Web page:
BACKPACKING LIGHTWEIGHT promotes ultralight backpacking & hiking featuring backpacking equipment for lightweight backpacking & hiking resources for year-round backpacking safety & enjoyment.
- BackpackingLight.com -- Home Page
BACKPACKING LIGHT MAGAZINE provides ultralight and lightweight backpacking, climbing, and hiking information, including gear reviews, technique articles, publications, and backpacking gear for the ultralight hiking and mountaineering enthusiast.
- Wise Women Go Light, Part 2
Article from BACKPACKING LIGHT MAGAZINE that focuses on two women planning a backpacking trip.
Clean and Sanitary
As women we like to be presentable. I have seen guys take a week long hike with one pair of clothing and no soap or deodorant. A woman wouldn't make that same choice.
However, there can be a tendency to go overboard. I was once on a hiking trip with a teenage girl who smuggled along her make-up because she couldn't imagine being seen without it. For any of you with similar ideas, a couple of words of advise: a freshly scrubbed face looks very put together when compared to the unscrubbed, unshaved faces of your male companions and the scent of make-up can attract bears to your site. Also, the girl who smuggled along the make-up ended up being to exhausted to worry about putting on make-up each day.
That being said, what are some of the ways a woman can stay fresh and clean on her hike? I hike in the mountains so unless we were getting a late start (even summer mornings are cold) or were stopping early stepping into the water to bath was out of the question. However, you can use a pot of water and a washcloth to wipe away much of the daily grime.
I am also one of those people cursed with oily hair, so I would wash my hair each morning before starting camp chores. However, if you don't have oily hair a nice hat is a wonderful choice. It also keeps the sun off your face and out of your eyes.
An added toiletry concern for women is our monthly cycle. Should you be hiking during this time bring an extra zip-lock bag in which to store your sanitary napkins or tampons and you can burn them at the end of each day. The smell will not be pleasant so wait until everyone is done using the fire.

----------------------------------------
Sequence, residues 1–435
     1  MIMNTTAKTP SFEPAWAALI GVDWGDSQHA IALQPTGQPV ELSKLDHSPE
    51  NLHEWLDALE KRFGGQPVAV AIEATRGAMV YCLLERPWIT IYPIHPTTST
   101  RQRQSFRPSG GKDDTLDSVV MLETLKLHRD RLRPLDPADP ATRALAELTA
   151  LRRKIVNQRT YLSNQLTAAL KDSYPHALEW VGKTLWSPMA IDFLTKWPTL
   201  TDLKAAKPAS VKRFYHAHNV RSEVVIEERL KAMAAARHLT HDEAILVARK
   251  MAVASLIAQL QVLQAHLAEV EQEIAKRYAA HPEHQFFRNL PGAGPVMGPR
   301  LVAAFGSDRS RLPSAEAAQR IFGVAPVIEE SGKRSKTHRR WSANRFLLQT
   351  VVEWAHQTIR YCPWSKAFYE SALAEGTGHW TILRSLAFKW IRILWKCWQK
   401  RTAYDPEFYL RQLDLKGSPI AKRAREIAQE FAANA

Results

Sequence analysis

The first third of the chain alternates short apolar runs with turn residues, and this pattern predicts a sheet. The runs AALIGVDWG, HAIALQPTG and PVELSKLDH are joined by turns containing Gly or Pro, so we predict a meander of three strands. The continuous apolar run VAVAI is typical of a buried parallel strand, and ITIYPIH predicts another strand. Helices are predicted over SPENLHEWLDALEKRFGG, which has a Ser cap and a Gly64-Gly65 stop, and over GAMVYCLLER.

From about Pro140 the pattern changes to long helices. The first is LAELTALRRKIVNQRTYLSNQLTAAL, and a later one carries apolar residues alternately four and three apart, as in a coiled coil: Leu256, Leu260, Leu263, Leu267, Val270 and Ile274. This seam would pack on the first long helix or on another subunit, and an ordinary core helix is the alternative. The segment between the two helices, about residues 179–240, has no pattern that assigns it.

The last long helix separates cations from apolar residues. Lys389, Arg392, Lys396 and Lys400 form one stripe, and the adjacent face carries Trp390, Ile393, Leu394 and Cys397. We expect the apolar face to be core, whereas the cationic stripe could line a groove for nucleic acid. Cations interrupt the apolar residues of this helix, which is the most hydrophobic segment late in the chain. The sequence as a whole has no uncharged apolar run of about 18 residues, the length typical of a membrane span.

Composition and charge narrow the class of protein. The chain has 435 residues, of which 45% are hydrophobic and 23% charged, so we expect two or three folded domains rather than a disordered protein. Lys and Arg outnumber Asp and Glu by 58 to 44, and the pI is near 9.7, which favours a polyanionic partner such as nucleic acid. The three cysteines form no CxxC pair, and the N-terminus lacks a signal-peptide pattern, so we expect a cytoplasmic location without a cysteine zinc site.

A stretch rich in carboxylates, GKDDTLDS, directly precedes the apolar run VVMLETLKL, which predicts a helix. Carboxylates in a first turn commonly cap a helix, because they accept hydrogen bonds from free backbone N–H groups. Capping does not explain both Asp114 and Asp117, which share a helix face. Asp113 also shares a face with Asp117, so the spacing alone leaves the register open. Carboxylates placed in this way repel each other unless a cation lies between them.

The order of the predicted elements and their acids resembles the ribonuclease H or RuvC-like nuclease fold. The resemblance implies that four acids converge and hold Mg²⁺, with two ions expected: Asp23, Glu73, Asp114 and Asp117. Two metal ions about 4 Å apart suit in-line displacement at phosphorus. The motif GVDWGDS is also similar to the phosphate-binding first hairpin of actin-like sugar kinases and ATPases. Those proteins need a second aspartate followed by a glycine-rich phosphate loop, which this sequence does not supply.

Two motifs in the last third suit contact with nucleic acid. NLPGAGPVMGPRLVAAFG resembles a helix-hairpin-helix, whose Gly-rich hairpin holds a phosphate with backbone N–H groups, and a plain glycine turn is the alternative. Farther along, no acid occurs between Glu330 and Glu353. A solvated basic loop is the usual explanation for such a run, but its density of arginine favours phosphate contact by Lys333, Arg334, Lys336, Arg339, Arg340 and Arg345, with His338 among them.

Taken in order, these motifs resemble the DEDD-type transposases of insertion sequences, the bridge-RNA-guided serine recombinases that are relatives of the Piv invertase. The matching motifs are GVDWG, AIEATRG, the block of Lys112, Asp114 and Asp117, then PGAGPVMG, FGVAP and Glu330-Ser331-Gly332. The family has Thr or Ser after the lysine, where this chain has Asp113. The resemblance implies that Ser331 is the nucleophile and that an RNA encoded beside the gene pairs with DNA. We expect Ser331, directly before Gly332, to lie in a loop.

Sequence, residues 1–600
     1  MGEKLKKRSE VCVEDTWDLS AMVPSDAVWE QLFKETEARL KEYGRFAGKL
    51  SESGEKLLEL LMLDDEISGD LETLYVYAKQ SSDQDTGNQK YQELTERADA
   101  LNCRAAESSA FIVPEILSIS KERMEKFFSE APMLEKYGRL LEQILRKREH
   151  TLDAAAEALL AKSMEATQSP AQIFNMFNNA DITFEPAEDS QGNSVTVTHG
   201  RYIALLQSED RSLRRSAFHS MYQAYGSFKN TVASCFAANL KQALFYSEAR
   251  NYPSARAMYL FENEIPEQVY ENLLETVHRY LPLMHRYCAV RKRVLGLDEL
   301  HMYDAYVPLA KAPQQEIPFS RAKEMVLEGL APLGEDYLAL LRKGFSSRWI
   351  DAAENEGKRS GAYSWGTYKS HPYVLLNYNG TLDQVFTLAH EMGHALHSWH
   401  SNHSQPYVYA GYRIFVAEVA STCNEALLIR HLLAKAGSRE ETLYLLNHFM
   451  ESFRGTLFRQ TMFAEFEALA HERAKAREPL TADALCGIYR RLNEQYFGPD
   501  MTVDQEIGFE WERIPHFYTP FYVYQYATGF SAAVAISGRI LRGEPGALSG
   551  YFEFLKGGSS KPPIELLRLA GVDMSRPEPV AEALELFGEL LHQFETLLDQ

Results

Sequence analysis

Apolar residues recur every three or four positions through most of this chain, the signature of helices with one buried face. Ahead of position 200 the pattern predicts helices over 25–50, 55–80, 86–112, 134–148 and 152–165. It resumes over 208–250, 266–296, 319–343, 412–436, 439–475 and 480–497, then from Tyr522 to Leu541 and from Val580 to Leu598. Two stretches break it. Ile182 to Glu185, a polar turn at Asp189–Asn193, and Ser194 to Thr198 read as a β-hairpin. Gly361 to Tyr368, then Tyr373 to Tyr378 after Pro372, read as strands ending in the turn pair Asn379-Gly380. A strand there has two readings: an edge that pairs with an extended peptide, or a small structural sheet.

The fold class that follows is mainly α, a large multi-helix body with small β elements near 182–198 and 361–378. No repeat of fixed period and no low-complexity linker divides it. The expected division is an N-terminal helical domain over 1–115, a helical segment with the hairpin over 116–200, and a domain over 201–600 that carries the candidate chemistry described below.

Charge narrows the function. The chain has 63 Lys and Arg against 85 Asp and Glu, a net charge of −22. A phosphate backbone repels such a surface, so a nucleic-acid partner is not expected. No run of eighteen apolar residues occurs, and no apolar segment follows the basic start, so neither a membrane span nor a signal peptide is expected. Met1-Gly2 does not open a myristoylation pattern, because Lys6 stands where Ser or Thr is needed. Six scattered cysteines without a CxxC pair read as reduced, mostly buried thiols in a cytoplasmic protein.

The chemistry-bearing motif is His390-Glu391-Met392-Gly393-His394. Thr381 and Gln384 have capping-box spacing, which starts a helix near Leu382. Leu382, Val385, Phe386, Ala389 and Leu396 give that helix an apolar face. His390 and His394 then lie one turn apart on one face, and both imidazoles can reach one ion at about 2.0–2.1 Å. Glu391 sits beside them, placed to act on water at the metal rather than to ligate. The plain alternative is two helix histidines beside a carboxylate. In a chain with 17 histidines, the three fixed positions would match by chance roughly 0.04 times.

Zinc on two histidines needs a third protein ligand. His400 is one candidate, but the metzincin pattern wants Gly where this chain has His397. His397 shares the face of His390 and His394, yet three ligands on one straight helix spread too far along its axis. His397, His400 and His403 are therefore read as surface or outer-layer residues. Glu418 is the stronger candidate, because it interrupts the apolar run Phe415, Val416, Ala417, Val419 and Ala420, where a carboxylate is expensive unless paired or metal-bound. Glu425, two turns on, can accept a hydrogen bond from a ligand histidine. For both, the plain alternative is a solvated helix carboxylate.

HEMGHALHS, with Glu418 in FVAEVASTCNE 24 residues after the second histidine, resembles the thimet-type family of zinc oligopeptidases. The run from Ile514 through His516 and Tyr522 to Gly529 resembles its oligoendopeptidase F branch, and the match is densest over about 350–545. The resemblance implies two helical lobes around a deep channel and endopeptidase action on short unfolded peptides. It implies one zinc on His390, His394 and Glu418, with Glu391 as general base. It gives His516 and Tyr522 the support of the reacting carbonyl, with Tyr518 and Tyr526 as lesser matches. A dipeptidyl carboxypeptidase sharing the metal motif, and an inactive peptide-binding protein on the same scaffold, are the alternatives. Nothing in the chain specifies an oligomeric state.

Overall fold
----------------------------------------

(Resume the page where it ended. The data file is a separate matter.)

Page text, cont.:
Another concern is bathroom breaks. In the past I've found a well placed fallen log to lean against. However, I recently heard about pee funnels for women that allow them to pee standing up. On my next hiking trip I definitely plan on investing in one.
Safety and Hiking
Women have always had to be more concerned about safety than men. Unfortunately, this is also true when hiking. The most obvious solution is to travel in a group. If your goal is to absorb the peace and tranquility of nature remember that during the day people will hike at different paces.
Don't give personal information to strangers. It is okay to be friendly, and I have found that most hikers are, but be careful how much you share. Let people know that you are with a group.
However, if you need to hike alone remember to tell your friends and family when you are leaving, when you will return and your hiking itinerary. If possible invest in a tracking devise so that you can be tracked remotely.
Statistically you are safer in the wilderness than in the city. So, take a deep breath of the fresh outdoor air and drink in the beauty of nature.
- Safety for Women Hiking Alone
Safety tips for women hiking alone from experienced hikers.
- Crime won't keep women from going hiking on their own
OnlineAthens.com is the daily online edition of The Athens (GA) Banner-Herald article on women's safety on the trails.
- Women should not hike alone
A counter opinion about by safety of women hiking alone by Stephen Black.
Hiking Vacations for Women
- Adventures in Good Company Women's Adventure Travel
Adventures in Good Company offers worldwide adventure travel for active women of all ages. Small groups, carefully crafted itineraries, excellent guides.
- Call of the Wild Women's Adventure Travel
Call of the Wild is now in its 33rd year of business and is the world's longest-running women's adventure travel company. Offering women's only hiking, backpacking, sea kayaking, snowshoeing, and multisport adventures around the globe.
- Wild Side Adventures
Wild Side Adventures wants to help you discover or give new life to the "wild side" in you and hopes that you will join one of their trips, programs, or workshops, and “find yourself in the woods” – physically and mentally.